Much more than hearing aids
The Eriksholm collection comprises a great deal of historic documentation. This includes
Technical reports and sketches of mechanical designs
Descriptions of development processes and technical specifications
Sales promotion materials (consumer brochures, product brochures, instructions for use)
Photos and audiological fitting guides
Original audio/video tapes, plus DVDs and CD-ROMs containing product information
The Oticon Business Archive
The third part of the collection - the Oticon Business Archive - contains documentation from the company’s early years, e.g. ledgers from 1904-1940; business letters from 1920-1950; memos and business plans from the 1950s, and guest books. This archive also contains historic photographs of Oticon locations from all over the world.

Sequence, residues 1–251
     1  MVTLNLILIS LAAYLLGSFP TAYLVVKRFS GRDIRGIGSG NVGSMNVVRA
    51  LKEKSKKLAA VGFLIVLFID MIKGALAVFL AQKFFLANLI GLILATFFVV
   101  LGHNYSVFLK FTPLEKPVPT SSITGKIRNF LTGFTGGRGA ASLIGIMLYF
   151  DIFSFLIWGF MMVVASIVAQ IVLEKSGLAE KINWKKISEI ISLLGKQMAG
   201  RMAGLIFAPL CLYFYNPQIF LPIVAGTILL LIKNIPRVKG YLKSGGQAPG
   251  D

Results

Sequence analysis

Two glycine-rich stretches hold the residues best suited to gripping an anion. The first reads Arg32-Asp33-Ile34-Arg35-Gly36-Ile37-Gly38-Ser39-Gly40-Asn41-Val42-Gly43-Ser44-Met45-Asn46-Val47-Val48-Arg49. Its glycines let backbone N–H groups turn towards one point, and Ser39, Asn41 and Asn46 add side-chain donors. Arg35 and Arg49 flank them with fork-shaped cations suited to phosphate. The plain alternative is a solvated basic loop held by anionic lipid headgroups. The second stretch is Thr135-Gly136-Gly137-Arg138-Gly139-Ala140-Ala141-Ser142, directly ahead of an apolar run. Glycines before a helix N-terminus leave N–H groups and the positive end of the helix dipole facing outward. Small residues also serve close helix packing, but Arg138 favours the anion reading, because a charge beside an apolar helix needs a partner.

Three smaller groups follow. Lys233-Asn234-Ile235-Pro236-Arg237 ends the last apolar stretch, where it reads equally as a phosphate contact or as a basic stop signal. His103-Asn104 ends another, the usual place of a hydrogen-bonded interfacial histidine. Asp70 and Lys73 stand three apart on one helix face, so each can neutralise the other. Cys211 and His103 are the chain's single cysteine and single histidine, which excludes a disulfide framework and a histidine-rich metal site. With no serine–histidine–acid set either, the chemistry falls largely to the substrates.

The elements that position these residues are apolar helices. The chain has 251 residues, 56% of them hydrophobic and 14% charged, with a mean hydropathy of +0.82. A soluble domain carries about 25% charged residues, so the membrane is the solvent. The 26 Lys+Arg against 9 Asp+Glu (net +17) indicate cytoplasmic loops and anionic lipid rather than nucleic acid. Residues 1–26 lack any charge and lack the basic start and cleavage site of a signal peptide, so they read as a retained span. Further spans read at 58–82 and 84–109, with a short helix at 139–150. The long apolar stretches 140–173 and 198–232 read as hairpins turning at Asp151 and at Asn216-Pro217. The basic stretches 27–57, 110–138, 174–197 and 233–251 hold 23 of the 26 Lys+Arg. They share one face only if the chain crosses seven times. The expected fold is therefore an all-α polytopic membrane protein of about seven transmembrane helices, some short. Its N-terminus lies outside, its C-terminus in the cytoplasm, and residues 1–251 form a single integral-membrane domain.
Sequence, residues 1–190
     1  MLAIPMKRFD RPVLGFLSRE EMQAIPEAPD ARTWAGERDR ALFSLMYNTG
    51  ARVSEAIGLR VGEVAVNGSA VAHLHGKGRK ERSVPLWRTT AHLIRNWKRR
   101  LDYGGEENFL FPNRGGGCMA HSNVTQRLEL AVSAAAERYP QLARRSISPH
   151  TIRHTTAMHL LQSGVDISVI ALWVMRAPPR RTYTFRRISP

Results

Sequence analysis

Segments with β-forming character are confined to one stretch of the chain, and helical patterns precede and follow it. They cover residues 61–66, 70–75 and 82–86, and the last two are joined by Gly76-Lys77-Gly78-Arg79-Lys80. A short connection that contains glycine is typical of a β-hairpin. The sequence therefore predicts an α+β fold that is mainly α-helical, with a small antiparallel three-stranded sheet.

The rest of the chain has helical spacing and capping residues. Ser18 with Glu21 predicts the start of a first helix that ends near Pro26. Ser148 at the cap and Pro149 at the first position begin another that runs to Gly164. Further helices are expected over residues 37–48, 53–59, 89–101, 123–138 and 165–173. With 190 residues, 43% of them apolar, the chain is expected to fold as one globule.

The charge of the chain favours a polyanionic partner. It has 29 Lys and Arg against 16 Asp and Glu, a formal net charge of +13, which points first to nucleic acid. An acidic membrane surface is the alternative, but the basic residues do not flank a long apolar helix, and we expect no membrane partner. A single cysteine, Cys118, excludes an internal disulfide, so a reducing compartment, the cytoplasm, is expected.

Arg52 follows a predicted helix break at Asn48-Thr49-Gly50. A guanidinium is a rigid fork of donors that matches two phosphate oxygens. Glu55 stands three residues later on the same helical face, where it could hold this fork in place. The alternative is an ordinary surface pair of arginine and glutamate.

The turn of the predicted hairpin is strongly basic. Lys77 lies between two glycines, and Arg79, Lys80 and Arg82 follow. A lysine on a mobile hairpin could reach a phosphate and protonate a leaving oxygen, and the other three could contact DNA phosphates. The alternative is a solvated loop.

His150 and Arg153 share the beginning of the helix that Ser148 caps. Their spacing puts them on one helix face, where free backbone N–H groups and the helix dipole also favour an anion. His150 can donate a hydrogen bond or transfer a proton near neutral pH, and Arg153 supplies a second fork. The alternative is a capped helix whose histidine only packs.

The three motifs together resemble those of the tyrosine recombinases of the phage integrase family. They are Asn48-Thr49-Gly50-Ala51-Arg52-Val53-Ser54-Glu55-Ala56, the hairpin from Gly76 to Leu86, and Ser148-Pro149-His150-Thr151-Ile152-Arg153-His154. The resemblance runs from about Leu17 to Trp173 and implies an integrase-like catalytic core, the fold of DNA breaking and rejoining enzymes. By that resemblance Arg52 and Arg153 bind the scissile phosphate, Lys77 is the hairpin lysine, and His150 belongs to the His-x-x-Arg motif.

If you have any antique hearing aids, historical documentation, pictures of hearing aids or people wearing them - or any piece of Oticon-related historical information - we would be delighted to hear from you.
Please write to
Eriksholm Research Centre
Att.: Claus Nielsen
DK – 3070 Snekkersten
If you have questions
As a special service, we provide answers to questions regarding antique hearing aids (all brands) and the history of Oticon. Please send your questions via email to firstname.lastname@example.org.
Did you know this?
Hearing aids from the 1920s often still work! Their components haven’t deteriorated as much as newer hearing aids containing rubber and foam rubber, that stiffen or crumble with time.
What did hearing aids cost in 1910, 1920, 1930 and 1940? An extrapolation of the old prices into current prices yields the following results (in USD): $5000, $2700, $1600 and $3250 respectively.